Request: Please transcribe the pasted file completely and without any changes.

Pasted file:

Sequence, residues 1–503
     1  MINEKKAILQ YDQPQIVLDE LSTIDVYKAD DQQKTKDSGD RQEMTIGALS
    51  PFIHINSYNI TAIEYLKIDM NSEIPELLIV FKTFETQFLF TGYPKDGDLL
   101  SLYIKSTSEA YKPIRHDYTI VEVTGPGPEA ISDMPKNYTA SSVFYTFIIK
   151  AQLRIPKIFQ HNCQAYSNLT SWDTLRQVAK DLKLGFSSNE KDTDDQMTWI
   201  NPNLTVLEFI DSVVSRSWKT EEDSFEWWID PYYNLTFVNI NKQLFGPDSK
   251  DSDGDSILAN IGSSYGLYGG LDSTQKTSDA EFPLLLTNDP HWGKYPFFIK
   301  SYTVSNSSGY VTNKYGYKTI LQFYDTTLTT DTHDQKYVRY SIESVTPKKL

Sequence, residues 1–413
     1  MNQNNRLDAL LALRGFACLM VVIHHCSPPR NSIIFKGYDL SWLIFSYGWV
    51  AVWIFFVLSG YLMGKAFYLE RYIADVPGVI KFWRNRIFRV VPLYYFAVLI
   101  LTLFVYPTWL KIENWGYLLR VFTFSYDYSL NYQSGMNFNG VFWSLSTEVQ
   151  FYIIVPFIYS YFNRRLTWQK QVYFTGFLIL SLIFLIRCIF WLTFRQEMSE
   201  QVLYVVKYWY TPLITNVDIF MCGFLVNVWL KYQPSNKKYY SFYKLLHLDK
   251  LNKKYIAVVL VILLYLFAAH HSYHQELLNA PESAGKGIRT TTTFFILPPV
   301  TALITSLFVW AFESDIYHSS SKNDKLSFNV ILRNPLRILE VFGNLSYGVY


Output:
Sequence, residues 1–503
     1  MINEKKAILQ YDQPQIVLDE LSTIDVYKAD DQQKTKDSGD RQEMTIGALS
    51  PFIHINSYNI TAIEYLKIDM NSEIPELLIV FKTFETQFLF TGYPKDGDLL
   101  SLYIKSTSEA YKPIRHDYTI VEVTGPGPEA ISDMPKNYTA SSVFYTFIIK
   151  AQLRIPKIFQ HNCQAYSNLT SWDTLRQVAK DLKLGFSSNE KDTDDQMTWI
   201  NPNLTVLEFI DSVVSRSWKT EEDSFEWWID PYYNLTFVNI NKQLFGPDSK
   251  DSDGDSILAN IGSSYGLYGG LDSTQKTSDA EFPLLLTNDP HWGKYPFFIK
   301  SYTVSNSSGY VTNKYGYKTI LQFYDTTLTT DTHDQKYVRY SIESVTPKKL

Sequence, residues 1–413
     1  MNQNNRLDAL LALRGFACLM VVIHHCSPPR NSIIFKGYDL SWLIFSYGWV
    51  AVWIFFVLSG YLMGKAFYLE RYIADVPGVI KFWRNRIFRV VPLYYFAVLI
   101  LTLFVYPTWL KIENWGYLLR VFTFSYDYSL NYQSGMNFNG VFWSLSTEVQ
   151  FYIIVPFIYS YFNRRLTWQK QVYFTGFLIL SLIFLIRCIF WLTFRQEMSE
   201  QVLYVVKYWY TPLITNVDIF MCGFLVNVWL KYQPSNKKYY SFYKLLHLDK
   251  LNKKYIAVVL VILLYLFAAH HSYHQELLNA PESAGKGIRT TTTFFILPPV
   301  TALITSLFVW AFESDIYHSS SKNDKLSFNV ILRNPLRILE VFGNLSYGVY